A Day in the Life of a Copywriter
Working as a copywriter, especially if you’re a freelancer and own your own business is full of the multitude of tasks that running a successful business takes.
If you’re good at what you do – and you will become good at what you do if you stay at it and learn from your mistakes (!) – then you’ll find what works best for you and allot your time accordingly.
Let’s take a peek at what those tasks are and what a typical days looks like. Anyone in business must make room in their schedule for attracting and bringing in new business.
Marketing is not a sometimes activity, it’s an ongoing activity. If you make a plan, you can follow that plan and like anything else, it becomes simple to do, almost rote. Whatever method you choose for building a client base, you must systematize and be at it all the time – when you have plenty of work and when you have ‘slack’ windows as well. Over time, it will all even out.
You need to know how long projects take you and account for the occasional minor (or major!) underestimation where you’ll have to eat the time as well as the income from other projects you’ll miss because one is taking longer than planned. Trust me, it all evens out in the end and you often learn a ton from the mistakes!
You also have to make sure you’re billing and collecting money, which doesn’t take much time, but it’s and activity to consider and plan for.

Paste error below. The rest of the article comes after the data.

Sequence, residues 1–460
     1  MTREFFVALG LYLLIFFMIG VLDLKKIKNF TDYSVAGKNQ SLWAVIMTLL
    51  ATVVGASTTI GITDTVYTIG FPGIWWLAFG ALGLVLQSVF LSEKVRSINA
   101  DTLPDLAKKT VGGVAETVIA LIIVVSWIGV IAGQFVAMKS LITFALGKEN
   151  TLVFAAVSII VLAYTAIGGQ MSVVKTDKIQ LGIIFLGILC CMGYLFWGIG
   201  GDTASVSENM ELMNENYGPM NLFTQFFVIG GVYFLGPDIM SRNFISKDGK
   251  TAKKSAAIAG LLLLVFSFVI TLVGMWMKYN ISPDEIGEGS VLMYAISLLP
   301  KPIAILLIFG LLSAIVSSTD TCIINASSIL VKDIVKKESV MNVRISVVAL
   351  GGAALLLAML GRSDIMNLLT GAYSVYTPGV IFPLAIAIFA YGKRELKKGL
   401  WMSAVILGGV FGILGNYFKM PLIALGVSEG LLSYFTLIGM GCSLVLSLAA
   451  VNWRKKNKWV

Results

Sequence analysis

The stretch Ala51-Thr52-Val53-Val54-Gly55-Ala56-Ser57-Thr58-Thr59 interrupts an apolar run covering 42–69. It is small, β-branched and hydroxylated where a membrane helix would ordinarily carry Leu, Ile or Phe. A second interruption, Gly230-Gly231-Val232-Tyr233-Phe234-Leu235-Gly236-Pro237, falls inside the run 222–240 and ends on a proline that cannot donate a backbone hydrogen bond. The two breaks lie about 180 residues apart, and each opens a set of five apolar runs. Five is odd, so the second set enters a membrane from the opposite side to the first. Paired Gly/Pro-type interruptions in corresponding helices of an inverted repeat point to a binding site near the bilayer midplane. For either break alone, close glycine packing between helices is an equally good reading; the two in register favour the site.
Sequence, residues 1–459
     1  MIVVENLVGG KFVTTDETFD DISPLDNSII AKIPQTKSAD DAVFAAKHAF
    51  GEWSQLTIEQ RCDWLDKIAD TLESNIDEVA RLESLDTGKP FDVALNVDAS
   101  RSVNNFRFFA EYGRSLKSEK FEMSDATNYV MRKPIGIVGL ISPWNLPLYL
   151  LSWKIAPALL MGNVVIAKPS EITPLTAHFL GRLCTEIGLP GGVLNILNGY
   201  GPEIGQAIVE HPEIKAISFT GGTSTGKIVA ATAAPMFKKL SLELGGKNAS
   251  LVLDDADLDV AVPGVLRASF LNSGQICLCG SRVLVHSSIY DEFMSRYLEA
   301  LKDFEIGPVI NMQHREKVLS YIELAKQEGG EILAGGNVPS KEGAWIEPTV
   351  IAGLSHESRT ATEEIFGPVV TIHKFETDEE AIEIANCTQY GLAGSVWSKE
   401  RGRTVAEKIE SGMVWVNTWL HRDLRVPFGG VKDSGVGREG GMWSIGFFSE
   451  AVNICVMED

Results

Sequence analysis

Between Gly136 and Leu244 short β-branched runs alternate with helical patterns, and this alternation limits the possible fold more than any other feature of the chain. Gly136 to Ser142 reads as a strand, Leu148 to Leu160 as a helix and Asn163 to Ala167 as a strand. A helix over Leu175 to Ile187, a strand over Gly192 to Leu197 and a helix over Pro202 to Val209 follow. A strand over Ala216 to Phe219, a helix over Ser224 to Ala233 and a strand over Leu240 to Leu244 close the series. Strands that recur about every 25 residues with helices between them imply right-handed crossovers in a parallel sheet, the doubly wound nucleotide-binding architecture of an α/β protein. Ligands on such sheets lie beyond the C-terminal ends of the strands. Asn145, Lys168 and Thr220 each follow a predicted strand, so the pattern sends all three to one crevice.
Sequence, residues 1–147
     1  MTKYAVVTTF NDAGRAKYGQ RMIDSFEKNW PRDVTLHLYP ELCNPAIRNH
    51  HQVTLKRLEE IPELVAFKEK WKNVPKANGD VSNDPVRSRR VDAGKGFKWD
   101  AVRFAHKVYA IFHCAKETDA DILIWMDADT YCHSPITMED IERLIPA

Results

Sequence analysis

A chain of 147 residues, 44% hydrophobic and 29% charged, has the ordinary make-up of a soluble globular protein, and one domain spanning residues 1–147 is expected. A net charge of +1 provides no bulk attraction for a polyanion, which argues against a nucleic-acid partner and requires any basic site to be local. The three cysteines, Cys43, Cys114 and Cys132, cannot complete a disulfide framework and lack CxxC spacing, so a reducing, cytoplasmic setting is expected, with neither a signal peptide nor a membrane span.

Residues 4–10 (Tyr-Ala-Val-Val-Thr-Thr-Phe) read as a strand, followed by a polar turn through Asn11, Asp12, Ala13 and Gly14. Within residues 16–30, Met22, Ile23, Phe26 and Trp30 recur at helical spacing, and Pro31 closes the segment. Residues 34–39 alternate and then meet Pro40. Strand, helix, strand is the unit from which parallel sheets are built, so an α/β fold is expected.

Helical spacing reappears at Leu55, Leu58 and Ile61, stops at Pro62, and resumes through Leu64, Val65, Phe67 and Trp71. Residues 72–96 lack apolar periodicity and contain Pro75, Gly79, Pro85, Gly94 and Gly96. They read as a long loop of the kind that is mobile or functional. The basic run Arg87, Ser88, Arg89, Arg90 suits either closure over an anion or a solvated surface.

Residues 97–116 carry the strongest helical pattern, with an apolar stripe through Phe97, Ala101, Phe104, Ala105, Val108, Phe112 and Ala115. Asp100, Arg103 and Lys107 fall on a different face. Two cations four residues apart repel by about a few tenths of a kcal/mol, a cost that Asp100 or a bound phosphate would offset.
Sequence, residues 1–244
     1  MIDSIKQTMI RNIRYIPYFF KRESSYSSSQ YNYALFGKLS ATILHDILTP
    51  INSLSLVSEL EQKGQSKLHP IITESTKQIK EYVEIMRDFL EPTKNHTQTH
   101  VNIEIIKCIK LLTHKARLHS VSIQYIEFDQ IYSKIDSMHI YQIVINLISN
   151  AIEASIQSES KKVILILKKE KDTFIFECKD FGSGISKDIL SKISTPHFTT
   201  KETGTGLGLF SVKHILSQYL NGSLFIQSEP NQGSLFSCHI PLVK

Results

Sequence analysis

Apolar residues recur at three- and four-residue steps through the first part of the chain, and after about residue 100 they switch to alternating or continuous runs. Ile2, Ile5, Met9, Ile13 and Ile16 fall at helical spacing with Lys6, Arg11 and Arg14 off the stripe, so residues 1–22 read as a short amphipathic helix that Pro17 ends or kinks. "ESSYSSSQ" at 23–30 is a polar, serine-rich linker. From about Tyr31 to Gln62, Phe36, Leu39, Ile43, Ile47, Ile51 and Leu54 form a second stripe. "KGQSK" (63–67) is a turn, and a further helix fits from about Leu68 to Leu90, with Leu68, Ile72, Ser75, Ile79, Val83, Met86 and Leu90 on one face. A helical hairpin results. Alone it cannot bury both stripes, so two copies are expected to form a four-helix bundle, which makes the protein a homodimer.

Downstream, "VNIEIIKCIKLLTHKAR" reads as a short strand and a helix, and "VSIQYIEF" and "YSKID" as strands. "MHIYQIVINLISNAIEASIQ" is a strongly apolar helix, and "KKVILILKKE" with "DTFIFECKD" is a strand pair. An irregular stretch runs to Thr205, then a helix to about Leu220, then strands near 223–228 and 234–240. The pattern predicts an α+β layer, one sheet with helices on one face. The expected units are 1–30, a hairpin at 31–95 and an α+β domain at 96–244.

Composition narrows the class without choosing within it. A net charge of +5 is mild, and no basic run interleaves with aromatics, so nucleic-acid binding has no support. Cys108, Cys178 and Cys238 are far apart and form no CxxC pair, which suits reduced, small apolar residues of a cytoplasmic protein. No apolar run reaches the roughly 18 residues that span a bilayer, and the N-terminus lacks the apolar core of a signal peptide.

Taking all that into consideration, here’s what a relaxed week looks like for me. Monday: 9-9:30, respond to emails, check out sites where I’m a member and might contribute a word or two. Write client copy until 11:00. 11-noon, take my daily walk. Noon-1: write copy. Take a quick lunch break. Write copy from 1-4. Call it day.
Tuesday: check email quickly and write until about 10:30 Take an hour walk break. Come back, write for 1.5, take a longer lunch, then come back and write for about 3 hours.
The rest of the week looks pretty much the same. To take it a step further, the writing time is sometimes creating copy or editing copy, but it’s sometimes laying out ideas on index cards and putting them together while doing research.
Every project I have in-house is on a white board with to-do items for the week; in my electronic calendar with time booked to work on that project and each client has a folder where anything relevant to a particular job is filed.
I track the amount of time I work on every project so I know how long everything takes, that way I can bid on jobs and plan the work, because I actually how much time is required to get the job done.
Over time, you’ll develop a rhythm and learn when to do which tasks. I’m not much good for creating after 3 or 4 in the afternoon, but the window between 9-2 is really fertile. I do marketing and admin in the hours when creativity is low.
Unless I’ve overcommitted – and I try hard not to do that – my days have a nice, relaxed flow and I’ve learned to be flexible and take advantage of other things that come my way – invitations to lunch or to go kayaking, or to the zoo – as long as I know I can reschedule the work and still get it done on time. Staying organized lets you sleep well at night, you know it will all get done, on time and for a great paycheck.
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